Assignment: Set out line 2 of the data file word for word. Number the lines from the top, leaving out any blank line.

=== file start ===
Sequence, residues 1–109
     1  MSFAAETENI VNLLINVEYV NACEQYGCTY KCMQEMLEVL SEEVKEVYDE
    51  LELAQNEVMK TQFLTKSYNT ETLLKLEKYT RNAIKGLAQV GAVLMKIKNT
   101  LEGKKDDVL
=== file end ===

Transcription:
     1  MSFAAETENI VNLLINVEYV NACEQYGCTY KCMQEMLEVL SEEVKEVYDE